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Filoviridae



Filoviridae

Marburg virus particles, ~100,000x magnification
Virus classification
Group: Group V ((-)ssRNA)
Order: Mononegavirales
Family: Filoviridae
Genera

Marburgvirus
Ebolavirus

Filoviridae is the family of viruses that belong to the order Mononegavirales. Filoviruses are single stranded negative sense RNA viruses that target primates. There are two genera: the Ebola virus (Ebolavirus, with four species) [1] and Marburg virus (Marburgvirus). These viruses cause viral hemorrhagic fevers, characterized by bleeding and coagulation abnormalities, often leading to death.

Additional recommended knowledge

Description

The virions (Filovirus particles) are characteristically shaped as long, cylindrical, filamentous particles that may be straight, curved, coiled, or found in a "6" or "U" shaped configuration. They are occasionally branched and the particles vary greatly in length but the diameter (about 80nm) is consistent. Production is by budding from an infected cell, and consists of the viral RNA strand and proteins encapsulated in a lipid membrane formed from the host cell's plasma membrane.  

History

The filoviridae family was discovered in 1967 when 31 people were infected with the Marburg virus in Marburg, Germany after working with tissue from monkeys imported from Uganda [2]. Seven people who caught the disease died. All subsequent outbreaks have occurred in sub-Saharan Africa. The second genus of the filoviridae family, Ebola virus, was discovered in 1976 when outbreaks occurred in northern Zaire and southern Sudan. The Ebola virus is a very potent virus, having a mortality rate of 50% up to 90% reported in some of the Zaire outbreaks.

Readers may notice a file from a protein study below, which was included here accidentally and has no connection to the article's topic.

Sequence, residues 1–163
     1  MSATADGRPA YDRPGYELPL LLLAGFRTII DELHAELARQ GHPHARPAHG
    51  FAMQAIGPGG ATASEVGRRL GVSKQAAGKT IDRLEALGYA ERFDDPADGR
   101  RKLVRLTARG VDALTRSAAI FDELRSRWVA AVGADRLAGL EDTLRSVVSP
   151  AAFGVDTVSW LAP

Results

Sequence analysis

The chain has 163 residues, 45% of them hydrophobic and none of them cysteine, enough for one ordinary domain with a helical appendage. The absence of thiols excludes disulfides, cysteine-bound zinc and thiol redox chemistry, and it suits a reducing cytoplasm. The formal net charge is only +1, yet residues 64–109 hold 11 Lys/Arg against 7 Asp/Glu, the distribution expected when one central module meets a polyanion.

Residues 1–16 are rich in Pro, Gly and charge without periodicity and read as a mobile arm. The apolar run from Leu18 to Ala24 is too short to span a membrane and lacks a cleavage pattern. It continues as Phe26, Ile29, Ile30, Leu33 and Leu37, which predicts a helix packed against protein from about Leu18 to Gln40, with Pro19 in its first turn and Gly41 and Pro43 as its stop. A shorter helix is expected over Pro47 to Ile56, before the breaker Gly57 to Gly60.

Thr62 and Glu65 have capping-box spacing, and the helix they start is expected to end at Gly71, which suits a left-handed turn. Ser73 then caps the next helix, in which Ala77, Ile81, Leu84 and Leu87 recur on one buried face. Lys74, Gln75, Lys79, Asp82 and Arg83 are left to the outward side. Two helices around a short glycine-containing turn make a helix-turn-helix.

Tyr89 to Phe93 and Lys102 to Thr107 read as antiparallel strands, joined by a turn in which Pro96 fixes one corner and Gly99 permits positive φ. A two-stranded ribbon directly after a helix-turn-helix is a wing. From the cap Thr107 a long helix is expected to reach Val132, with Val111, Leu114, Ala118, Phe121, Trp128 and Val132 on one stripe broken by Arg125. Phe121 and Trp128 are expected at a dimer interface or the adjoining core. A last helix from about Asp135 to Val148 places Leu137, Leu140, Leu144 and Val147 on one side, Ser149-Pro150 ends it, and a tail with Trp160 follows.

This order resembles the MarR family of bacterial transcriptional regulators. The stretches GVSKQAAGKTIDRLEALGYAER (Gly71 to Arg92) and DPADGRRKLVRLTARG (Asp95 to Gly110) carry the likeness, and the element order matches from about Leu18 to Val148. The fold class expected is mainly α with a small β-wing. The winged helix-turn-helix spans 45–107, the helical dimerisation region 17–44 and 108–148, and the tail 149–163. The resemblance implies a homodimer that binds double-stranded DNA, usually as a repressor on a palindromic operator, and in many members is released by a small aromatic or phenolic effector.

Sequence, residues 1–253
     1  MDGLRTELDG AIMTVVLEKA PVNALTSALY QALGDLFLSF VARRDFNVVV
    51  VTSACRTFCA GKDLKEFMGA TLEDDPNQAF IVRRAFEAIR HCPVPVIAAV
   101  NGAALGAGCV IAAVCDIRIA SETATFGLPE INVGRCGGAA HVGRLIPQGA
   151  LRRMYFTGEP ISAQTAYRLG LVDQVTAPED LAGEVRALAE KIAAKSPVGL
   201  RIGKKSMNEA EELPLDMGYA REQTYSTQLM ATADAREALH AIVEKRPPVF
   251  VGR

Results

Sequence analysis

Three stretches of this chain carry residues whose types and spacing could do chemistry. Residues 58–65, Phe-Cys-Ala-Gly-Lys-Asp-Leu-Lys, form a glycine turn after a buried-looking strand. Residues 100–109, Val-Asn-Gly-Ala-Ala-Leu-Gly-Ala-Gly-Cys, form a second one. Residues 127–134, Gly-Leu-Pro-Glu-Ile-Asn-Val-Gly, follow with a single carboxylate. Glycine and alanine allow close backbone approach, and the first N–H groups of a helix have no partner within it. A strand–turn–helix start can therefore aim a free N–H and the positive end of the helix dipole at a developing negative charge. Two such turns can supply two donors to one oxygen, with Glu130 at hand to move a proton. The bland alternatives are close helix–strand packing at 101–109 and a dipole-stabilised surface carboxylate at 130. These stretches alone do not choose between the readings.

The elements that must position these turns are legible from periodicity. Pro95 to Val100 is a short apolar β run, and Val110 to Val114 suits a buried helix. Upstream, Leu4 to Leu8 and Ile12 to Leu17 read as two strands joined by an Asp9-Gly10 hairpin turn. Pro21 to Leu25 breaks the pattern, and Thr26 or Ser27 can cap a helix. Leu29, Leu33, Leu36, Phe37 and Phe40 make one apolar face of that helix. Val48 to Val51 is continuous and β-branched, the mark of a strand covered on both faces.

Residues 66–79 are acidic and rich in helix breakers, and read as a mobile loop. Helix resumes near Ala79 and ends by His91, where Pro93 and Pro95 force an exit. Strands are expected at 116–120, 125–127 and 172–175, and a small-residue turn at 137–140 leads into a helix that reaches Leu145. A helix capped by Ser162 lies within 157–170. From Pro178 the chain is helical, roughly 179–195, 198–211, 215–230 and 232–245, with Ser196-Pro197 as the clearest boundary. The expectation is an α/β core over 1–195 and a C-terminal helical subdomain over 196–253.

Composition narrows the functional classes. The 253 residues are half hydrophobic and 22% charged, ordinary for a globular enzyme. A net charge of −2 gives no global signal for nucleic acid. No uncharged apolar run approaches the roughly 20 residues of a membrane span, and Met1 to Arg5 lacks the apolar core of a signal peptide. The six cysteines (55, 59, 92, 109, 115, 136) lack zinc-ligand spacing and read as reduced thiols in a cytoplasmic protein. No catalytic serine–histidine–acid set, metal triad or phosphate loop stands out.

The natural reservoir of both the Marburg virus and the Ebola virus appears to be zoonotic, which means that the virus is transmitted to humans from other animals. Despite numerous attempts to find the source of both the Marburg and Ebola viruses, neither has been found. Bats, though, have been suspected because they can replicate filoviridae-like viruses [3].

The mechanisms through which filoviruses spread are not fully understood. The route of transmission from animals to humans is unknown. Person-to-person transmission occurs primarily through physical contact with infected bodily fluids.

References

  1. ^ http://www.cdc.gov/ncidod/dvrd/spb/mnpages/dispages/ebola.htm
  2. ^ Martini, GA, Knauff, HG, Schmidt, HA et al. A previously unknown infectious disease contracted from monkeys: Marburg virus disease. Deutsche Medizinische Wochenschrift 1968; 93(12):559–571.
  3. ^ http://www.cdc.gov/ncidod/dvrd/spb/mnpages/dispages/filoviruses.htm]
 
This article is licensed under the GNU Free Documentation License. It uses material from the Wikipedia article "Filoviridae". A list of authors is available in Wikipedia.
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